July 12, 2013
by Bryan Haley
Omega-3s are a popular health topic these days, with more and more brands and labels advertising that their products contain Omega-3s. But what are they and how do they fit into a healthy lifestyle plan? This brief article will attempt to explain what all the excitement is about.
Omega-3 is a name for a specific type of fat, more technically, a polyunsaturated fat or often described as an essential fatty acid. They are considered essential because Omega-3s are required for proper functioning of the body and we cannot produce it ourselves, so we must obtain them directly through diet or supplementation. But what exactly do they do and how do they benefit us?
A complete list of Omega-3s effects on the body would fill several pages. In a nutshell, Omega-3s reduce the bodies tendency towards inflammation, helps regulate the breakdown of fat, builds healthy skin and nails, helps thin the blood and is important in proper brain function. These wide range of important health benefits is the reason Omega-3s have been promoted to help a variety of conditions.
For instance, by reducing the bodies tendency towards inflammation, Omega-3s may benefit diseases related to inflammation such as asthma, eczema and rheumatoid arthritis. As well, Omega-3s could help with health issues involving the improper breakdown of fats such as high cholesterol and obesity. Since Omega-3s help thin the blood and therefore improve blood flow they can help lower blood pressure and prevent heart disease and stroke. Finally, Omega-3s are used as a major building block in the brain, making them a crucial requirement for proper brain function and also why they are useful for conditions related to mental well being such as depression, bipolar disorder and learning disabilities like ADHD.
But a discussion of Omega-3s would be incomplete without mentioning Omega-6s, another essential fatty acid. Unlike Omega-3s, Omega-6s generally have opposite effects on the body. For example, Omega-6s increase the bodies tendency towards inflammation and tend to thicken the blood. This is why too much Omega-6 fatty acids with respect to Omega-3s are thought to contribute to the prevalence of conditions such as asthma, eczema, high cholesterol, high blood pressure, heart disease and stroke. On the other hand, too much Omega-3s can lead to rare bleeding disorders which is why it is important to have a balance of both Omega-3s and Omega-6s.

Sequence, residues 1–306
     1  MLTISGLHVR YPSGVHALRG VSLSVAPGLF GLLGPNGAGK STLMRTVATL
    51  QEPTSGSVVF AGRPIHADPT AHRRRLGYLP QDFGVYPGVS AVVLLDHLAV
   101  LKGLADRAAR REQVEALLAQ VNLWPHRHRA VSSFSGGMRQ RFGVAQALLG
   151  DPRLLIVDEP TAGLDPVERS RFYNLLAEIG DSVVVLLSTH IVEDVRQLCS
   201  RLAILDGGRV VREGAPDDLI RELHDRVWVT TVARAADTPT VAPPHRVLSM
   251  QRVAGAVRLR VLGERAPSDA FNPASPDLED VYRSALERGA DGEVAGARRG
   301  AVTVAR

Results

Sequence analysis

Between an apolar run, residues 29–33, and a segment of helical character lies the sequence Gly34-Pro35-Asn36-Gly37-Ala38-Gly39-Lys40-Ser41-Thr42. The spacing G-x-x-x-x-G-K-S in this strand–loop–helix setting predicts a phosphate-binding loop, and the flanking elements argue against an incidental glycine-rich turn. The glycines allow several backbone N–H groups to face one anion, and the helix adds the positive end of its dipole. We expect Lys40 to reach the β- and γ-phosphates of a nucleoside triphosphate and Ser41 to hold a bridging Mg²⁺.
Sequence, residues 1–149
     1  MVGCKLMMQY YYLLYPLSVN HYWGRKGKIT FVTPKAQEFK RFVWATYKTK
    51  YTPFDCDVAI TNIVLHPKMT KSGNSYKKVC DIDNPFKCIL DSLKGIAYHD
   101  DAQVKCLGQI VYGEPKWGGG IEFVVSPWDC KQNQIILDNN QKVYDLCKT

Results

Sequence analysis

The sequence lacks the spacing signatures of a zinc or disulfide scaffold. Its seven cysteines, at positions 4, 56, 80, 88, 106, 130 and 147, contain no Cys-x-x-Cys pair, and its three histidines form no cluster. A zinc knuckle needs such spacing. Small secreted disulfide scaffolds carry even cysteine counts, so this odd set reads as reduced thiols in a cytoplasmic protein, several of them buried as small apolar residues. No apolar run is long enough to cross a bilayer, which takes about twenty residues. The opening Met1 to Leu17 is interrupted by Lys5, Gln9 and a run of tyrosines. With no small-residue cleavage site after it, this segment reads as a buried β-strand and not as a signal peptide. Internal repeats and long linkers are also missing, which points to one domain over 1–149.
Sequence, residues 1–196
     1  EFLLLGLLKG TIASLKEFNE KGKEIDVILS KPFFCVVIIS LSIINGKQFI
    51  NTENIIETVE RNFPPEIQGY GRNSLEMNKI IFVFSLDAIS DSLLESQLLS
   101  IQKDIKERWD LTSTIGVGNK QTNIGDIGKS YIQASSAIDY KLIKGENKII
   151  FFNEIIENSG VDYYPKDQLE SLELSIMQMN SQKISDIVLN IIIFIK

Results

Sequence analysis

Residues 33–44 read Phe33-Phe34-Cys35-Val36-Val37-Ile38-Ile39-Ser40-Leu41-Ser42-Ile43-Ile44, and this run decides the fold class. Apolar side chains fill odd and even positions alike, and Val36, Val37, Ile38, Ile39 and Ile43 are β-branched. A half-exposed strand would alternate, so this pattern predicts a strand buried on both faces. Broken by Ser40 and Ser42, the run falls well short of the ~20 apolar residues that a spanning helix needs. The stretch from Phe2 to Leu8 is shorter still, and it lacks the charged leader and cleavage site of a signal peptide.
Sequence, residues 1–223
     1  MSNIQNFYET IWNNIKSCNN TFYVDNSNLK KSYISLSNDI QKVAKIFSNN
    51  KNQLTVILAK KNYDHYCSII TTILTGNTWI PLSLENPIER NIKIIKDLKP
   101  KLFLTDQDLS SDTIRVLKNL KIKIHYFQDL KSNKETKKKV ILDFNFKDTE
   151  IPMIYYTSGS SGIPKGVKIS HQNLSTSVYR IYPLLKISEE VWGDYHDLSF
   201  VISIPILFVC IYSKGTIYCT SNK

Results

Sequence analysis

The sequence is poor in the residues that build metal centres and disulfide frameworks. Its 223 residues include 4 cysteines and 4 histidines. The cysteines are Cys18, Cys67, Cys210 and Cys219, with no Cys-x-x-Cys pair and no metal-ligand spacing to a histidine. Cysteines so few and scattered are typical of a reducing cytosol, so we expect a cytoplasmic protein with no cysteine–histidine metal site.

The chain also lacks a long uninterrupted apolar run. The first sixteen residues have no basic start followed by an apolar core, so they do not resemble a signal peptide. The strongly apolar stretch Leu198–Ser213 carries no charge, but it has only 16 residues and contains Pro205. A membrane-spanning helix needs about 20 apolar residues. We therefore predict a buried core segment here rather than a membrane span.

Nonetheless, most people get plenty of Omega-6s in their diet but lack Omega-3s, which in the typical North American diet, is found in foods that are consumed less often. These foods include walnuts, flax seed, primrose and borage oil, wild caught fish, especially fatty fish such as mackerel, anchovies, salmon and trout. Animal sources of Omega-3s and generally a more potent source of this essential fatty acid. This is why it is recommended to consume at least two portions of fish per week. An alternative to dietary sources of Omega-3s is to purchase supplements that contain high levels of Omega-3s, especially EPA and DHA. Supplementation of Omega-6s is usually counterproductive because they are already so common in our diet.